Korea Times, 2014-11-18

The inaugural Korea Indie and Expat Film Festival (KIXFF) will take place in Seoul in June with organizers now accepting submissions from both here and abroad.

The event is scheduled to run from June 19-21, with Itaewon scheduled to be the primary screening location. The festival is the creation of a dedicated group of expat filmmakers based in the capital alongside the Seoul Players theater group.

Speaking to The Korea Times this week, chief organizer Kevin Lambert revealed his vision for KIXFF.

“We are still finalizing everything, but the current plan is to have the opening and closing nights in a theater. The other screenings will be selected depending on the different themes,” Lambert said.

“Music videos will be screened in a late-night venue; anything with a food theme might be shown in a restaurant,” he added.

A filmmaker himself, having released a feature film entitled “The View from Here” in June, Lambert has lived in Korea for the past five years. Noticing a schism between Korean filmmakers and their expat counterparts, the festival is a means of addressing that divide.

“We have an Asian X category for cross-cultural films, particularly from Korea. We wanted to promote Korean films that emphasize multiculturalism. Also, Korean films that use strong acting with the English language,” he said. “The festival is for expats worldwide too; not just those in Korea. The indie category is to promote low- or no-budget filmmaking.”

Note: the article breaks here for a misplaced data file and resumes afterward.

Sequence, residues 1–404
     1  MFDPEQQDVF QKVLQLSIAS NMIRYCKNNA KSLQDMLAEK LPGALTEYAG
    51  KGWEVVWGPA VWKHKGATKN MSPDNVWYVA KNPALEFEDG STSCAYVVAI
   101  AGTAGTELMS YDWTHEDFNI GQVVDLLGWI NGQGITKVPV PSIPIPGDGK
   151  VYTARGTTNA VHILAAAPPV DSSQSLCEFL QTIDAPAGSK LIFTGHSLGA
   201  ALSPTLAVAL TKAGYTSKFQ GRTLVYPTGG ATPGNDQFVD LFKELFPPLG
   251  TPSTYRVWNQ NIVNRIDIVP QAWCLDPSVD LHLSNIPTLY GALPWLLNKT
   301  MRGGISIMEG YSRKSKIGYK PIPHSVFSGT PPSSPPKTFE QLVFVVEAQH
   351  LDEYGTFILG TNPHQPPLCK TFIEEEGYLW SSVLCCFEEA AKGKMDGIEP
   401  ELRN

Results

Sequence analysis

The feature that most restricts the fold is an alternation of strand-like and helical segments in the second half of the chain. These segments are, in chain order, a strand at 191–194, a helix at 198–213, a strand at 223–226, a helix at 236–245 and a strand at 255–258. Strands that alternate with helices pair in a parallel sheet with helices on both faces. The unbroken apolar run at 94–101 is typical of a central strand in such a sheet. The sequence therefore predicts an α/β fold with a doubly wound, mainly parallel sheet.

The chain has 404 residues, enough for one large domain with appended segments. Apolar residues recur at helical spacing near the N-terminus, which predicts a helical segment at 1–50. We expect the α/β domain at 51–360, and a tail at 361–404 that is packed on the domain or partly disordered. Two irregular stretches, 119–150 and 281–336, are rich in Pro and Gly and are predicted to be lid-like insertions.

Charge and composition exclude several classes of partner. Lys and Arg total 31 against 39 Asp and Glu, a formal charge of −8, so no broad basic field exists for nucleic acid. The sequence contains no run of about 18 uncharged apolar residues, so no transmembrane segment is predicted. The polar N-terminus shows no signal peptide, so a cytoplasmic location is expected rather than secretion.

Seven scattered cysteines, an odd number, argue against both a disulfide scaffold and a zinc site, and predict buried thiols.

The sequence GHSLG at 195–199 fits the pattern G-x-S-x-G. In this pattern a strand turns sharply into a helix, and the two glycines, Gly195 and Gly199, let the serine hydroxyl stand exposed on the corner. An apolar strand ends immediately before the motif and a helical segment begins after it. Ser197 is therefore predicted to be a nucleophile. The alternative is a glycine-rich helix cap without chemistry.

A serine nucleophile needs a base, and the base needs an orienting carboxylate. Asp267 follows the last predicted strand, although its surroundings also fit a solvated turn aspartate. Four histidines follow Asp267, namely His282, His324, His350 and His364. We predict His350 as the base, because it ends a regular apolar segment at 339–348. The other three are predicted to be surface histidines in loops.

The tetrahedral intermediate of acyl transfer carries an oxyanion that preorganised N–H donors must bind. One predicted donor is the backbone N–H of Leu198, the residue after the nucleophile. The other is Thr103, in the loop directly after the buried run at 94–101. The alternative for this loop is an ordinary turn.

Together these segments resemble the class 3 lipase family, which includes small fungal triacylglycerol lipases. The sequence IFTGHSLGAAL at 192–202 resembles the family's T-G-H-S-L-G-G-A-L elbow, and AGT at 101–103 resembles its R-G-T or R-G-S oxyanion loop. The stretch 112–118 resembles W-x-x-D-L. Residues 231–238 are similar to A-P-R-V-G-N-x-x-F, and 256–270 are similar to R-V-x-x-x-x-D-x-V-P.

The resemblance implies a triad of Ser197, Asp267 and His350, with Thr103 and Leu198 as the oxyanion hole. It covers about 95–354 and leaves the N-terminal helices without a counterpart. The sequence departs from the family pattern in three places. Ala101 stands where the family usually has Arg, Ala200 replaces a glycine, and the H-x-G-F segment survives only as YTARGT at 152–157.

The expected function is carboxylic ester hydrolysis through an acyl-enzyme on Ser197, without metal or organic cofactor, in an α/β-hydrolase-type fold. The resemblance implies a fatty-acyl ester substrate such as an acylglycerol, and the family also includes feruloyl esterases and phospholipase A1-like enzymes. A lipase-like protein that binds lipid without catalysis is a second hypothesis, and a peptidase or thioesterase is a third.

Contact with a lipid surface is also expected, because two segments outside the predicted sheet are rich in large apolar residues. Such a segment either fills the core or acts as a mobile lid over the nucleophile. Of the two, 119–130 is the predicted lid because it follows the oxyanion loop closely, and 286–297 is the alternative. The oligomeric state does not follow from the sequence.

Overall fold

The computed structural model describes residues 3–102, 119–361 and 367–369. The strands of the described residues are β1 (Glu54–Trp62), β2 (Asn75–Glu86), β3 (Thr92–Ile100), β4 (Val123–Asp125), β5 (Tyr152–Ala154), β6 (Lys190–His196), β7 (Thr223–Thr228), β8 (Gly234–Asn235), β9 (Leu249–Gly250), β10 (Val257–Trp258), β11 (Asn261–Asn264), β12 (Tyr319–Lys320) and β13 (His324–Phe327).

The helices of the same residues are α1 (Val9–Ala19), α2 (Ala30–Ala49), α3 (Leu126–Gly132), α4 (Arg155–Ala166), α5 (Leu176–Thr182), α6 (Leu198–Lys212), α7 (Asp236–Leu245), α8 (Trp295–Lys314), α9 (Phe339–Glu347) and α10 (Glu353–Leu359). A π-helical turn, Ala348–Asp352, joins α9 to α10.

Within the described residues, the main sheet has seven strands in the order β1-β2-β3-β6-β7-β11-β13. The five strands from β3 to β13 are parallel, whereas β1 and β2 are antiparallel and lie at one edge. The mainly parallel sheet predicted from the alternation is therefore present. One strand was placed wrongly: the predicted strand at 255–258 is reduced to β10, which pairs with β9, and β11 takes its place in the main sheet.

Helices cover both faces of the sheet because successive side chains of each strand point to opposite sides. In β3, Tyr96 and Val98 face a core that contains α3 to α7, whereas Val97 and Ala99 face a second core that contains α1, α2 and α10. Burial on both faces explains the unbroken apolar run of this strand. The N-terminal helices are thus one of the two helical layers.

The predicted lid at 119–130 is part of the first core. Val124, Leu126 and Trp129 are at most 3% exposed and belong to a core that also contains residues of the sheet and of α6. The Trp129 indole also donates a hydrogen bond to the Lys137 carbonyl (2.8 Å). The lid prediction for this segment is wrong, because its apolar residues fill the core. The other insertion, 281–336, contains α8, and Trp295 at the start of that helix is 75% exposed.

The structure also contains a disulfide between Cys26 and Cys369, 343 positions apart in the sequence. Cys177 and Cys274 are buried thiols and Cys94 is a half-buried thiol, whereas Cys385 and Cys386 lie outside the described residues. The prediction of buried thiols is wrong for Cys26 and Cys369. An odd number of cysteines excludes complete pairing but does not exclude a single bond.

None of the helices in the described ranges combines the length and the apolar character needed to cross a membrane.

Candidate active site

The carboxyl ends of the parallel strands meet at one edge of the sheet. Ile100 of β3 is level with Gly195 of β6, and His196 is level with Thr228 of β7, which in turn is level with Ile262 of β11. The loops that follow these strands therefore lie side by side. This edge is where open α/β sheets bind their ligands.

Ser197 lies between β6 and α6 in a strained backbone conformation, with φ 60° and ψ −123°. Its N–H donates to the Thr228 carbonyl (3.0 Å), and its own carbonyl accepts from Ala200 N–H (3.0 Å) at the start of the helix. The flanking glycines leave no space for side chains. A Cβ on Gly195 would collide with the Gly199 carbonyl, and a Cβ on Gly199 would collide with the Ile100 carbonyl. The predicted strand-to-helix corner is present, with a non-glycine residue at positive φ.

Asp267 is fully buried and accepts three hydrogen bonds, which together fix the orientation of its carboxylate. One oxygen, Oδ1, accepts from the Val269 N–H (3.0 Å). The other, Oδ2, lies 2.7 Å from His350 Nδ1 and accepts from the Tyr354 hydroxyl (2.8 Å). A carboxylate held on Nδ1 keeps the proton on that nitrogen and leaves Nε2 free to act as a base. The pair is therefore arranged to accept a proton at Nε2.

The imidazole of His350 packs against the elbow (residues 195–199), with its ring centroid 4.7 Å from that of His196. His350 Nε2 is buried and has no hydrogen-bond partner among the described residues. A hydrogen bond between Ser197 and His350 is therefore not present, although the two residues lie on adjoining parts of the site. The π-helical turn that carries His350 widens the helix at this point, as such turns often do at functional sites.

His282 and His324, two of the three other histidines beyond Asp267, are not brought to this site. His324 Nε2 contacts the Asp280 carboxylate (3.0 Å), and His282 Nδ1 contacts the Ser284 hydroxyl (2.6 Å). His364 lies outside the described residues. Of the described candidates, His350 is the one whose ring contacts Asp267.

“When you say ‘low budget,’ really you would be talking about anything from $100,000 up to several million dollars. ‘No budget’ could be anything from $500 to maybe $20,000, which usually comes from filmmakers’ own pockets and are a real labor of love,” he said.

Having also produced a short film recently, “Caliban’s,” it has been a busy year for the film graduate from the University of North Carolina at Greensboro. Now with a movie festival ahead of him too, being busy is something to which he’ll have to get accustomed.

“As this is our first year, my main aim is simply to have the event run well. I want it to be fun for the filmmakers and the audience, giving an opportunity for the two sides to meet,” he said.

“There’s a lot of work ahead in getting filmmakers on board, getting films submitted, getting sponsors, then getting the audience. Ultimately, if we have a good response and ticket sales reflect that, then we can think about year two and three after.”

For more details about the festival, go to: http://kixff.com/.

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